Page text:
Now, let's compare a talking car with a high tech phone system to what we used to have. We were actually pretty primitive in comparison. When I was a kid, we had a black phone with a wire that ran into the wall. Cell phones and wireless technology and bluetooth hadn't been thought of yet. In fact, our phones had mechanical, analog dials on them. Rotary dials, we called them. And we had phone numbers with names, like CLifton 7, or DRexel 4, BUtterfield 8, and others.
We also had something interesting called "party lines." It was kind of a Twitter of the fifties. The necessity of these party lines was probably due to the fact that the phone company didn't have enough lines installed to give everyone their own private line. And when the phone rang, you had to listen to the ring and see if it was yours before answering it. Ours was a long and a short ring. If you wanted to make an outgoing call, you picked up the receiver and checked to see if there was a party liner already using the phone. If so, good manners told you to hang up and check later. If not, you could go ahead and make your call.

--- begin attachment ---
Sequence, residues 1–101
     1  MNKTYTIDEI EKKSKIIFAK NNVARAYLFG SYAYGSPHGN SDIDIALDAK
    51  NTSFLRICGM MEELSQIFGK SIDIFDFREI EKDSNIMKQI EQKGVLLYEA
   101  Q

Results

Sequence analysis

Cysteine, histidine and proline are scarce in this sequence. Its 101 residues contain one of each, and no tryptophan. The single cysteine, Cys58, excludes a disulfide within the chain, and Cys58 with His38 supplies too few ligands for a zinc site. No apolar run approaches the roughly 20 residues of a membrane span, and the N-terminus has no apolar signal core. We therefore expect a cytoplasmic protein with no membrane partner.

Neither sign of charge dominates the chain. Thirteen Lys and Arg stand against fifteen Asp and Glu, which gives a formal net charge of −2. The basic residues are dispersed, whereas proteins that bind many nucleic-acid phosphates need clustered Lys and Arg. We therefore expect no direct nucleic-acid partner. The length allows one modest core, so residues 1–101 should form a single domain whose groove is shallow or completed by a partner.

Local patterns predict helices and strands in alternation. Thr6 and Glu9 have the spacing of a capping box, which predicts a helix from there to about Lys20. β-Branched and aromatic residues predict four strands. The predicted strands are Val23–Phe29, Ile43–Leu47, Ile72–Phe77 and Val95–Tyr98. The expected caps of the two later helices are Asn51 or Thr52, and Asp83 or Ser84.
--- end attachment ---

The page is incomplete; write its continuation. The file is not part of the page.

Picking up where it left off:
In 1959 things started improving dramatically when ATT introduced the new Princess Phone. Contemporary advertising shows that this telephone was marketed to women, hence the feminine designation 'Princess'. A broad range of colors were offered, including pink, red, yellow, moss green, black, white, beige, ivory, light blue, turquoise, and gray. And four years later, in 1963, Western Electric introduced touchtone dialing which replaced the rotary dial with 10 lighted push buttons. We were in the modern age now. Everyone eventually got their own private line and the party line became a thing of the past.
In time the Princess was redesigned and became the Trimline phone. You may remember these as the slim units with the push button dial built into the handset.